After children have a grasp on the alphabet and the library´s layout, have them search for parcticular books. Use index cards to record titles, authors and corresponding call numbers of books you´ve read together (one book per card). Then hand each child one card. When a child successfully places his or her library bookmark next to the target title (or in its space), offer a new card and that child´s search continues. The goal for this game is to have each child successfully locate one book, and—so that the game does not turn into a competitive race— announce at the outset how many titles you hope children will locate as a whole class (at least one per child is a good goal). At the end, celebrate the total number of books uncovered by the whole group.

Try a Trivia Contest
When the children are familiar with the library shelving arrangement, conduct a trivia contest to help them get started learning how to search resources for information. Begin by preparing index cards with individual questions and then challenge the children to look through books for the answers. For example, ask children to find two books written by the same author, to locate a parcticular illustration, or to search the shelves to find a book satisfying a certain set of criteria (such as a nonfiction book about horses). For beginning researchers, you might limit the hunt to a select group of titles rather than expecting them to comb through the whole library to locate what they need.

Investigate Real Lives
Biographies are always popular with children, who enjoy listening to true stories about famous (and not-so-famous) people. Some biographies are fictionalized accounts complete with illustrations, while others are actually photo essays chock-full of facts. Introduce children to a brief biography with the Meet a Mentor Reproducible (PDF). Then acquaint your beginning researchers with your full class or school biography collection, so they know where to go to learn more about influential people who have helped (and are helping) to shape our world.

Introduce Multiple Sources
One of the most important research concepts students must learn is that information comes from a variety of sources —and that complete and accurate research of a topic must involve multiple sources. Introduce this concept to students with the Go On a Fact Hunt Reproducible (PDF), below. Then try these other natural ways to get kids comfortable with the idea of multiple sources.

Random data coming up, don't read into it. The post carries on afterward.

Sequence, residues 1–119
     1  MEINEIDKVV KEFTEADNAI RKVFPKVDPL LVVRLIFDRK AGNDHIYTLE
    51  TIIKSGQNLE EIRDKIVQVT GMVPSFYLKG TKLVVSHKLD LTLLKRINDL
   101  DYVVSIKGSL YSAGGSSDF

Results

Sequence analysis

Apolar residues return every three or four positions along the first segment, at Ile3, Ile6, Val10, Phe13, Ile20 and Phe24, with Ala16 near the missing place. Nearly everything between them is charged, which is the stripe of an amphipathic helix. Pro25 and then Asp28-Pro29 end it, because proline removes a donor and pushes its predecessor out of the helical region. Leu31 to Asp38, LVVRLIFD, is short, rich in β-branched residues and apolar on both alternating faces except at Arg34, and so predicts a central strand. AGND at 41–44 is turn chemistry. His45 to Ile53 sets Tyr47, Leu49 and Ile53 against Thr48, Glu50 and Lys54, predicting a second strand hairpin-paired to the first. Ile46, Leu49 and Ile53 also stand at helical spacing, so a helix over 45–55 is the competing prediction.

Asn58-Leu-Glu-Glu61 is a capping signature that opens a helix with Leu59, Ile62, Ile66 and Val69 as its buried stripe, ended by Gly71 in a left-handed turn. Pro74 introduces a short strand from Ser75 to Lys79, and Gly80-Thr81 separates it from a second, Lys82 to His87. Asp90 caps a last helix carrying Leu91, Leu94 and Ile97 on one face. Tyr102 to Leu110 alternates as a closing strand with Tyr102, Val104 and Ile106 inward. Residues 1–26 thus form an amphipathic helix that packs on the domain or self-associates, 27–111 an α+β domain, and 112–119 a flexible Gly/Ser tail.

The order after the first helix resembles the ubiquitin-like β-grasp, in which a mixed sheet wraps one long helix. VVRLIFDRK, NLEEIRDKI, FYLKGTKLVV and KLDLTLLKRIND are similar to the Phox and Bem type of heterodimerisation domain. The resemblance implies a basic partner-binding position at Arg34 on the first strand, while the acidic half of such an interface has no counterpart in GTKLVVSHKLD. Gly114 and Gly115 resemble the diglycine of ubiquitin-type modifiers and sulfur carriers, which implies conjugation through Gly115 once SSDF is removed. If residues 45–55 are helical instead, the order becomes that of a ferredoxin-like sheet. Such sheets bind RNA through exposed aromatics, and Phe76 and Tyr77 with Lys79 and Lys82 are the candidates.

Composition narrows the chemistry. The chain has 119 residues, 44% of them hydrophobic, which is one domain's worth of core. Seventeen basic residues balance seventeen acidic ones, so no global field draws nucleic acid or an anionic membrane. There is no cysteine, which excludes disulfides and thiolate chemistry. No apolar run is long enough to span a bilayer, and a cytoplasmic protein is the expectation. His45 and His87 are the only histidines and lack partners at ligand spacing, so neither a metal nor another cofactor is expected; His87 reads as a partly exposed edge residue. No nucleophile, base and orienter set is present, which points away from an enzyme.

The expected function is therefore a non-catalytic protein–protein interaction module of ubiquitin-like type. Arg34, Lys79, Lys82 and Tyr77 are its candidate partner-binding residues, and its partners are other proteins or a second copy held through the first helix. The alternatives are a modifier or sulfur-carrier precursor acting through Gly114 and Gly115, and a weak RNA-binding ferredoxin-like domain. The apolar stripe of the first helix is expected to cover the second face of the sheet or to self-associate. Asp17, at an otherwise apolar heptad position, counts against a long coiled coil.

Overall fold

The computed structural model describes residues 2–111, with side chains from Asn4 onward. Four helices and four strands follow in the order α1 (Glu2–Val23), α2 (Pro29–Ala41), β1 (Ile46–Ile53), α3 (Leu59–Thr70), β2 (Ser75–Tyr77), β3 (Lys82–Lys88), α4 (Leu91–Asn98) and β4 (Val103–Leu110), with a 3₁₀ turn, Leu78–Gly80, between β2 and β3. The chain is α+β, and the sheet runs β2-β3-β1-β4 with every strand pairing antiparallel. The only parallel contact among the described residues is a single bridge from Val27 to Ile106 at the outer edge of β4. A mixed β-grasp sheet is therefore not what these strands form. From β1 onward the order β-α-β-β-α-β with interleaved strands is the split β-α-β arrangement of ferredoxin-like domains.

• One Artist, Many Pictures: Young children are fascinated by the art that appears in favorite picture books. Capitalize on this fascination by having children study different books illustrated by the same artist. Have them notice, for example, how the artist uses parcticular colors, shapes, lines, and textures to convey a mood or help tell a story. Assemble books demonstrating different artistic treatments of a similar theme, concept, or character. For example, look to see the techniques used to bring friends like Corduroy, Paddington Bear, and Winnie-the-Pooh to life.
  • Same Story, Different Story: To help broaden children´s awareness of how the same story can receive different treatments, assemble multiple versions of the same story (folktales and fairy tales lend themselves well to this approach). You might also share with children examples of the same stories written from different perspectives. For example, I might follow a reading of the traditional Three Little Pigs with a reading of Jon Scieszka´s The True Story of the Three Little Pigs, which offers a fresh spin on this timeless tale.

Involve the Family
Keep the learning and inquisitiveness going at home by inviting family members to participate in your young researchers' efforts. Distribute the Our Family's Research Checklist Reproducible (PDF), below, for children to take home. Then have your students and their families work together to research one topic to share with the rest of the class.